After Claudine Gay, Harvard’s Chief Diversity Officer Also Hit With 40 Plagiarism Accusations

by Gee NY
Sherri Ann Charleston. Image credit: @@DrCharleston on X

Harvard University is facing another controversy as plagiarism allegations have emerged against its Chief Diversity and Inclusion Officer, Sherri Ann Charleston.

An anonymous complaint received by the Ivy League institution this week details approximately 40 instances of alleged plagiarism by Charleston, spanning back to 2009, according to a report from the New York Post.

The complaint contends that Charleston failed to provide proper attribution when quoting or paraphrasing a dozen scholars in her 2009 dissertation at the University of Michigan.

One specific instance highlighted in the complaint involves her failure to cite her husband, LaVar Charleston’s study.

LaVar, currently serving as the University of Wisconsin-Madison’s deputy vice chancellor for diversity and inclusion, authored the paper in question in 2012.

Sherri Ann Charleston allegedly reused substantial portions of this paper in a co-authored article with her husband, published in the Journal of Negro Education in 2014.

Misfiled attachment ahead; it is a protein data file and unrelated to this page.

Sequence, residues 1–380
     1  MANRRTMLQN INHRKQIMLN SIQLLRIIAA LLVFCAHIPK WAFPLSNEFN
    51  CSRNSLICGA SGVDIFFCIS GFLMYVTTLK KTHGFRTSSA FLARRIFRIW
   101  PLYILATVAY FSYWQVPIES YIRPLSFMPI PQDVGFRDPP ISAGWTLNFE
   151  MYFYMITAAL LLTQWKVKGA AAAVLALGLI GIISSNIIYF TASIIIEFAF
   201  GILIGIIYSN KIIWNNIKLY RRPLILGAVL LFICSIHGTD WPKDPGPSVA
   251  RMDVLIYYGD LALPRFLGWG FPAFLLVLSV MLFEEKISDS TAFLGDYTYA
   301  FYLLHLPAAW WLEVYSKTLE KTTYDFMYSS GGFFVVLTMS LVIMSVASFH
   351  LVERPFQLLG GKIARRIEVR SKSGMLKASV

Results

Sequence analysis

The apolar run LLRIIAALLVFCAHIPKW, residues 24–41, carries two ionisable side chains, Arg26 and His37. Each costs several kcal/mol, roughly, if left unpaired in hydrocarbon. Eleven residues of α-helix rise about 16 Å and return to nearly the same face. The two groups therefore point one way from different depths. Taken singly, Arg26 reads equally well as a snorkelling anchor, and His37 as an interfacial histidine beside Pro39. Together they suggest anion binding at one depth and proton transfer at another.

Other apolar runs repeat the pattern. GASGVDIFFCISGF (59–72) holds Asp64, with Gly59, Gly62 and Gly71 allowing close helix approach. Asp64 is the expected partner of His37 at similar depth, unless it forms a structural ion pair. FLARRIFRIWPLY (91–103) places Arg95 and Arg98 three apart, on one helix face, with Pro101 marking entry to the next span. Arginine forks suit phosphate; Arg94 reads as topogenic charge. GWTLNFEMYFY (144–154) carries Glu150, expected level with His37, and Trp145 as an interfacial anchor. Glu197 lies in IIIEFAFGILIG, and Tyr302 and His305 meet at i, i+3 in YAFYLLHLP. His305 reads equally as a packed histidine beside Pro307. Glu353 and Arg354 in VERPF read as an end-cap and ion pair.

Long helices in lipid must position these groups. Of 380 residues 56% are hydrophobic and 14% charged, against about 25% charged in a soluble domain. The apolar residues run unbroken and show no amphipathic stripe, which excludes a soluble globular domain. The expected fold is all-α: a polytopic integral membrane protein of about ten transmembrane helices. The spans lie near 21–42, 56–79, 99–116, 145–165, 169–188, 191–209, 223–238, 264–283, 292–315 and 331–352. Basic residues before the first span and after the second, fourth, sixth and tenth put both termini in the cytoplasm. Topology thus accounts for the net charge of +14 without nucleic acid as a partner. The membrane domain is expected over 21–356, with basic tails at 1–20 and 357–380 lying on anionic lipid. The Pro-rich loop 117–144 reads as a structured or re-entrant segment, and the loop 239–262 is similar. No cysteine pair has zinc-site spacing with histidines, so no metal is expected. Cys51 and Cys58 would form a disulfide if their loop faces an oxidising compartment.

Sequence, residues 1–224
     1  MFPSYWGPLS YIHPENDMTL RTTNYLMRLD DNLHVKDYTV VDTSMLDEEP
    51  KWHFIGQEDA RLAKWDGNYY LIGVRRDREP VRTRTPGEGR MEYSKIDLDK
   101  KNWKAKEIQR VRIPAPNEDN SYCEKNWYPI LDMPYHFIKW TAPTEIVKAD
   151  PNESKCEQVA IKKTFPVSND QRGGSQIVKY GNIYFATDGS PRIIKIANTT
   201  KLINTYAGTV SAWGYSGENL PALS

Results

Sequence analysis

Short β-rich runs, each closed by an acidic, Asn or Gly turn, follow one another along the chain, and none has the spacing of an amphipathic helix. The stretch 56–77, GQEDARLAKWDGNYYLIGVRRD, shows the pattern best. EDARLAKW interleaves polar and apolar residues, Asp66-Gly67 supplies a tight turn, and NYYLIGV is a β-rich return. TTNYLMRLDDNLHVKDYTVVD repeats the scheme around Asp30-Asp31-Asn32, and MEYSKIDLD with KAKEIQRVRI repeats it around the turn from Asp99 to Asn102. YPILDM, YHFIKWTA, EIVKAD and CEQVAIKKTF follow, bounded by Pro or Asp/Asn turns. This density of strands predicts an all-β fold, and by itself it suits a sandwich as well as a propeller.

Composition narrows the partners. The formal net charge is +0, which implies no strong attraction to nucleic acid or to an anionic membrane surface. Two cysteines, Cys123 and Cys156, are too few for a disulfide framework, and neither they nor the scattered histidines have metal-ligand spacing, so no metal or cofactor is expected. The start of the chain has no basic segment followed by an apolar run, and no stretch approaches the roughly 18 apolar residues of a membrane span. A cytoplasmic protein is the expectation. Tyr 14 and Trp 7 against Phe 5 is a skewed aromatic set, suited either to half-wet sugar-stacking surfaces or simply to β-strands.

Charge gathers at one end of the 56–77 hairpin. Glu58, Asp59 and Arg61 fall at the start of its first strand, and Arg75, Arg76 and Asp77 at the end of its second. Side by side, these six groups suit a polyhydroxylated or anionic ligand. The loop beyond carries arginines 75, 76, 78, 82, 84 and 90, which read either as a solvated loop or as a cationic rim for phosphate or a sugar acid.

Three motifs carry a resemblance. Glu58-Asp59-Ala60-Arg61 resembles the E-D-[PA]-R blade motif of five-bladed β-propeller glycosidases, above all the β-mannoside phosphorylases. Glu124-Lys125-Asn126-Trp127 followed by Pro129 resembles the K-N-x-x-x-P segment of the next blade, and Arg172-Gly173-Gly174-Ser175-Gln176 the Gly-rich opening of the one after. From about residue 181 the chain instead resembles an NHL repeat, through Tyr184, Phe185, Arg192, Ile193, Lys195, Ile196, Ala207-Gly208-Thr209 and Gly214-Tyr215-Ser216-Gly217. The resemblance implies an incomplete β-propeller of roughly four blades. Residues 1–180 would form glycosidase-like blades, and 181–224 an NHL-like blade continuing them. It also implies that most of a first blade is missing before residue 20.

This plagiarism complaint has been formally lodged not only with Harvard but also with the University of Michigan and the University of Wisconsin-Madison. It’s noteworthy that the allegations date back over a decade, predating Charleston’s tenure at Harvard.

The complaint alleges that Charleston failed to properly cite a study written by her husband, LaVar Charleston, in 2009.University of Wisconsin

These accusations have come to light in the aftermath of Harvard University President Claudine Gay’s resignation due to plagiarism allegations and her handling of antisemitism on campus during the Israel-Hamas conflict.

Claudine Gay faced scrutiny when a viral video clip depicted Ivy League college presidents, including Gay, refraining from condemning widespread antisemitism on their campuses during a congressional testimony.


This prompted public outrage, with demands for Gay’s resignation intensifying. Subsequently, allegations of plagiarism emerged against her.

In her resignation letter, Gay, who made history as the first Black person to lead Harvard University, cited personal threats and “racial animus” as contributing factors.

Over 70 lawmakers, primarily Republicans along with two Democrats, joined the call for her resignation. High-profile Harvard alumni and donors, including billionaire Bill Ackman, also advocated for her departure.

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